On 15 September 2008, the world woke up to the news that US investment bank Lehman Brothers Holdings Inc. had filed for bankruptcy. Cascading fears about the stability of other financial institutions rattled markets worldwide. Stocks crashed and financial experts such as former US Federal Reserve governor Alan Greenspan termed it a once-in-acentury crisis. As the credit crunch intensified, economic activity slowed in most parts of the world. Banks and other financial institutions wouldn’t lend to companies and each other, and interest rates spiked, affecting demand. Major developed markets went into recession and the pace of economic growth in India and China slowed significantly.
Also See The Green Shoots (Graphics)
This spurred into action governments and central banks around the world—they cut rates and pumped in money to restore liquidity and stoke demand. After bottoming out in the early months of this year, the financial markets have bounced back on hopes of an earlier-than-expected economic recovery. These so-called green shoots may not have grown into saplings because concerns such as rising commodity prices and inflationary threats still remain, but they haven’t withered away either, boosting sentiments among businessmen and investors.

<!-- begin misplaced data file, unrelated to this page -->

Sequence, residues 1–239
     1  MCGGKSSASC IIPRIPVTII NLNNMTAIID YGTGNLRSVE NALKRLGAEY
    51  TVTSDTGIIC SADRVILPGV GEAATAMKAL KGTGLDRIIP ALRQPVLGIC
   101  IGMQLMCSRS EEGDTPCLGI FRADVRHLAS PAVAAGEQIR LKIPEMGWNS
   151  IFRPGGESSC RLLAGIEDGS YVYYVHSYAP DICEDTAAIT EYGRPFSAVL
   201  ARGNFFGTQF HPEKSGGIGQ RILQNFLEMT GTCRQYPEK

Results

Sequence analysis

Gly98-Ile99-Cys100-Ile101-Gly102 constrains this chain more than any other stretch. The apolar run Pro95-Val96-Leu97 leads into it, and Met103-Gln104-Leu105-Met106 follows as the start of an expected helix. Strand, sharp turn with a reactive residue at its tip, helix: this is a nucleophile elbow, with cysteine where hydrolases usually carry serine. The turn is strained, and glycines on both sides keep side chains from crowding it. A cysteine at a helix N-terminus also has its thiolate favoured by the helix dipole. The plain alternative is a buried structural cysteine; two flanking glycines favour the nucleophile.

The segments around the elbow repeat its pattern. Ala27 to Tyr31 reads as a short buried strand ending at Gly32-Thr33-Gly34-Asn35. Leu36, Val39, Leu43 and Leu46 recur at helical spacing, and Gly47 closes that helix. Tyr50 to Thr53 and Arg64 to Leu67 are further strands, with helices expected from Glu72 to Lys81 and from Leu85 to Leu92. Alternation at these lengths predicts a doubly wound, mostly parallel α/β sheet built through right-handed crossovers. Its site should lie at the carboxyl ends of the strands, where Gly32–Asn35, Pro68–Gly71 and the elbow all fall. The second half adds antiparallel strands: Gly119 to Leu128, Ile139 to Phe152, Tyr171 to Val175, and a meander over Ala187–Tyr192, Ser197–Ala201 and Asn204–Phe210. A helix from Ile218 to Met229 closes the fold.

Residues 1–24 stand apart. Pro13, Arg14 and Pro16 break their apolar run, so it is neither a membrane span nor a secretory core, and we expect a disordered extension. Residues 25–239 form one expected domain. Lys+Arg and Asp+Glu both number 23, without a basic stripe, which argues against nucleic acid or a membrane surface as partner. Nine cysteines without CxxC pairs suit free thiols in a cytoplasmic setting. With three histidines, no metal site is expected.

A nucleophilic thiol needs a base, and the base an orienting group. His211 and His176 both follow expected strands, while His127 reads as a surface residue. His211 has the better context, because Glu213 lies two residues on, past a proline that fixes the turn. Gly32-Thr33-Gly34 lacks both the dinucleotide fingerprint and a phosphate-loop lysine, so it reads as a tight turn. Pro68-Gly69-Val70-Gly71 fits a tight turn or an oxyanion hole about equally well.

Graphics by Ahmed Raza Khan/Mint